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Chris James

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Okay, I know this is a little off the wall, but in the story I am writing my two young characters are discovering one another and will continue to do so. And I came upon a moment of trial or what I perceive to be an emotional impasse between these boys.

Conflict can either breed contempt or foster forgiveness. It is important to my plot that these two get along because their futures depend upon one another. But writing about this makes me happy because I know they will succeed.

I approached this part of my story by watching a film I adore today because of the emotional values I can use in the plot. This short scene is about forgiveness and bonding. Watch it if you like.

http://youtu.be/7Qn3tel9FWU

My characters are in a clash of cultures, both of them struggling to understand the other. There are so many ways this could go bad but so many other people are depending upon them...they have to make it work. And I hope to have the story for you later next month.

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I approached this part of my story by watching a film I adore today because of the emotional values I can use in the plot. This short scene is about forgiveness and bonding. Watch it if you like.

I don't think this scene isn't about forgiveness at all. It's a group of disparate people -- rock stars, a manager, a kid who's a fledgling Rolling Stone journalist, and an experienced rock groupie -- who briefly join together for a moment singing a classic song (only 2 years old in 1974) on a tour bus. The forgiveness doesn't come until the end of the movie, when the rock star reluctantly lets Rolling Stone print the kid's article.

I love the film but I don't think the scene is what you think it is. Almost Famous is a very interesting, insightful movie with a lot of nuances. I think the scenes between the kid and Phillip Hoffman's "Lester Bangs" character are the best in the entire film -- and are also very true to life, if you know Cameron Crowe's own story. Crowe is a helluva writer, though I think the movie kind of falls apart towards the end.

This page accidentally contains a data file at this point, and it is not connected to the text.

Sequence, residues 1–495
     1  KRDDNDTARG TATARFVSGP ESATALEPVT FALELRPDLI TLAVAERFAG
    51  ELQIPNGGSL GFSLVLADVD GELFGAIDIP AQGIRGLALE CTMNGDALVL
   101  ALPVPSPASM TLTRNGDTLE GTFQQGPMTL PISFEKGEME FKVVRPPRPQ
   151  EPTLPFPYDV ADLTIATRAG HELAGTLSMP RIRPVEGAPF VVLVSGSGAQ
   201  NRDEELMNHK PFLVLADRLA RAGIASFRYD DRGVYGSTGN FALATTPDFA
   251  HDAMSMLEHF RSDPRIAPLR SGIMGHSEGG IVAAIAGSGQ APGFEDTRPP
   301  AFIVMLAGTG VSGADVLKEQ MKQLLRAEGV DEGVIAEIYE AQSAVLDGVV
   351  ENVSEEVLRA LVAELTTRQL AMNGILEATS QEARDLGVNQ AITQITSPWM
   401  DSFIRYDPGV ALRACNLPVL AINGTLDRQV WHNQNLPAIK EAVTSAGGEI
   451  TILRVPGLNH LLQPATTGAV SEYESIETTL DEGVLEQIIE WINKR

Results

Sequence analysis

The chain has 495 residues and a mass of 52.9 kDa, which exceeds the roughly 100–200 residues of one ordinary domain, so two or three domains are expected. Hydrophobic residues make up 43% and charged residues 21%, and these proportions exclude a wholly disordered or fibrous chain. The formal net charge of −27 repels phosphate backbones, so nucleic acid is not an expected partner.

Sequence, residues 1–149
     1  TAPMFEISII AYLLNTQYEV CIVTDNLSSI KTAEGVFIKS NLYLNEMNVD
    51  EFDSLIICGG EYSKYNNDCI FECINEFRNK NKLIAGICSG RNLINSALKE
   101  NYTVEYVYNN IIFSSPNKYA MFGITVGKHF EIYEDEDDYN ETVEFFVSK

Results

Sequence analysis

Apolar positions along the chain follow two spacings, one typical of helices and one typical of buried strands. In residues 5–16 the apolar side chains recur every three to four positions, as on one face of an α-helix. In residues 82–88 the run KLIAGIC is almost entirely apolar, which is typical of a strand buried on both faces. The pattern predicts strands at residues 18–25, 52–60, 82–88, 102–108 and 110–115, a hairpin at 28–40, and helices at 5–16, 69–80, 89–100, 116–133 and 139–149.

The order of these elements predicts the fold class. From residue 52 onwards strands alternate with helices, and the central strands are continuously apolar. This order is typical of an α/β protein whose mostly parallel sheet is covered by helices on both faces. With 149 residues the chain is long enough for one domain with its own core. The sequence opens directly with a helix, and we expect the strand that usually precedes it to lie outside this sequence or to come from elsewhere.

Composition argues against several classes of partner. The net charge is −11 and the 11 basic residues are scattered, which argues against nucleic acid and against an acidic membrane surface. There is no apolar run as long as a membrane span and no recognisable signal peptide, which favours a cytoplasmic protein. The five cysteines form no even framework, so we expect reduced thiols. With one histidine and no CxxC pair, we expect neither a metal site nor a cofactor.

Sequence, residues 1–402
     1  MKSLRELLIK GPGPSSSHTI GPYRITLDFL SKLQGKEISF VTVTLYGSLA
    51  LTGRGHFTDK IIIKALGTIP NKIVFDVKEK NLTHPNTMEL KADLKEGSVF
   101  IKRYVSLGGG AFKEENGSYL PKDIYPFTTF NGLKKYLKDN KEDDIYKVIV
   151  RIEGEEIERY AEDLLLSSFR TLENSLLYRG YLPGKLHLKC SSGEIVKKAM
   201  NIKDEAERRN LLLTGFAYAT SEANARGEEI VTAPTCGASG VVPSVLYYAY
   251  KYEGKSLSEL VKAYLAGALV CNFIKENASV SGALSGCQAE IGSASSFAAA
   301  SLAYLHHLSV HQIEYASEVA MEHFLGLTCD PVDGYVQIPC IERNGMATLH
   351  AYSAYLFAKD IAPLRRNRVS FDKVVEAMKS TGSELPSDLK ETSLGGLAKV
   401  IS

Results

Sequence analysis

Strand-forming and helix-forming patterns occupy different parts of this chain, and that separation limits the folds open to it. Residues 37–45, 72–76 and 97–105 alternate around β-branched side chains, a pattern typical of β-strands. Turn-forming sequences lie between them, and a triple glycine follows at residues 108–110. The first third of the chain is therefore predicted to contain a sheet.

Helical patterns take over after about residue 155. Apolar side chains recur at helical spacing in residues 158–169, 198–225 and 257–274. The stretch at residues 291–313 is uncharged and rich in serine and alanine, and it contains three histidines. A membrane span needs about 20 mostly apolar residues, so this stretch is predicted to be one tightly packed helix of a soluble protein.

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There's an issue here that I'm dealing with at the moment. Chris is looking at inspiration from a movie. Where do we get our ideas? I too use a bunch of sources like movies and such. Lot of things give me ideas. TV shows, books, movies, ads, even just titles of things, or plot blurbs.

Is it wrong to build a story, a character, from an idea you've gotten from such a source? I mean, the idea isn't entirely original. But does that matter? I too am developing a story, and some of the basis for it comes from a book I read. Is that legitimate?

My feeling is, if we build characters separate from the source material, if the plot differs, if we don't use what was done before to build the drama or give us a moral ending, then it's our own work and perhaps dependent on the source but not part of it; we only used that for inspiration, and didn't take it and tweak it a little and build the same story under our own name.

Do you guys agree, or disagree?

C

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I build my story and plot first, then I build the characters so they fit the story, That's what works for me. I build stories from an incident (Repugnance is from something that happened on a BART platform), personal experience (The Ghost in the Machine is based on something that happened on my first internship), TV, movies, radio, books (The Tale of Snow White is from watching the Disney movie on TV with my sisters), or Just from my imagination (most of my stories).

Whatever works for you, works.

Colin :icon_geek:

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Um, perhaps I have misled. My story has nothing to do with the plot of the film Almost Famous. But I do like the film for the emotions it portrays between the characters, many of which are misguided, and that was my point.